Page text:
During the refugee crisis in Greece, Amed Khan found a way to bring humanity to an inhumane situation
Greece was the first step to freedom for refugees — mainly from Syria, Iraq, and Afghanistan — seeking safety in Europe. But the country, facing both political instability and the worst economic crisis in its modern history, was not prepared to handle the mass migration of refugees that represents the largest population movement since World War II.
“The scenes were as horrible as anything I have ever seen in any situation,” says Khan, who served as chief administrator and logistician for refugee camps in Tanzania following the Rwandan genocide in the 1990s.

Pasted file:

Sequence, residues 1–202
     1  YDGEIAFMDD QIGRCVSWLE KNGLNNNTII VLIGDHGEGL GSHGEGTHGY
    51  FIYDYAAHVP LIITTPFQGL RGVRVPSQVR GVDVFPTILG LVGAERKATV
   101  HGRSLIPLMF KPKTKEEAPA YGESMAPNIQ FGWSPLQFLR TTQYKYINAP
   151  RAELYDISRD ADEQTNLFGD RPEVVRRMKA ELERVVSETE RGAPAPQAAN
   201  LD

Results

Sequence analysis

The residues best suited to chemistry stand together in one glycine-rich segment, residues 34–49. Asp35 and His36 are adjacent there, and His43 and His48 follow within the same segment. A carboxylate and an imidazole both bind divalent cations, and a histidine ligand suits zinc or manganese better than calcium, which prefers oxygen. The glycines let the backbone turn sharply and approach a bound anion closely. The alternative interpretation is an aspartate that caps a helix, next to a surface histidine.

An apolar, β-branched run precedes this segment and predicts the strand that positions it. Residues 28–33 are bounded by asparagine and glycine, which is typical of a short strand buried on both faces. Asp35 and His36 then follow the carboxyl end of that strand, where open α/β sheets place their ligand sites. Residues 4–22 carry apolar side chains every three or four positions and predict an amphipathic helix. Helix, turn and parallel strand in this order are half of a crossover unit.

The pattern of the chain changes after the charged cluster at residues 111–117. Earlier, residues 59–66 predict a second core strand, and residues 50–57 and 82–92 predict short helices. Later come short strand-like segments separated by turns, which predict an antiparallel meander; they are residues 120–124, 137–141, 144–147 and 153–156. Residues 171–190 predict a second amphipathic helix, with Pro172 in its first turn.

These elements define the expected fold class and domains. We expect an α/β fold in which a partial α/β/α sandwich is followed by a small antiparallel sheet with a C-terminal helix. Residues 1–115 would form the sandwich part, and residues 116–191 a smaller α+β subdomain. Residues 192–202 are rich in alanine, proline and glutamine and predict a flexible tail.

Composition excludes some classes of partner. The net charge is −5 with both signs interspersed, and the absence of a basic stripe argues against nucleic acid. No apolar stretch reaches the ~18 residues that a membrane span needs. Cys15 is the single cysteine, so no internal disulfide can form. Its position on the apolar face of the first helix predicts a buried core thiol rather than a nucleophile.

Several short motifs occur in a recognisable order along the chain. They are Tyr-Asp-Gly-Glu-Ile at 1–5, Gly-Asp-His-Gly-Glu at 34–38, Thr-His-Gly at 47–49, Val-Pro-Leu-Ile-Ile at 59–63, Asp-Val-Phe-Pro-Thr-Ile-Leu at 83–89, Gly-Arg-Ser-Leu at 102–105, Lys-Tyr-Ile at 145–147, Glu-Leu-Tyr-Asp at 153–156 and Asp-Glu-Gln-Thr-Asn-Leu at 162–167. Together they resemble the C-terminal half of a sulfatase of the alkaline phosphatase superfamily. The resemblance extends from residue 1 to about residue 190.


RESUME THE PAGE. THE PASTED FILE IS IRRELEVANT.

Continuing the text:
But this was Europe, “theoretically, the leader of civilization on earth, a place of marvels, an unbelievable structure of efficiency,” he says. “How is it possible that people were coming on rubber boats, drowning, sleeping on the streets, and then being shuttled off somewhere?”
Khan’s trip sparked an idea — to build a refuge for people who had lost everything, a place where they could hold on to their dignity and privacy, and find some hope for the future.
Source: On Wisconsin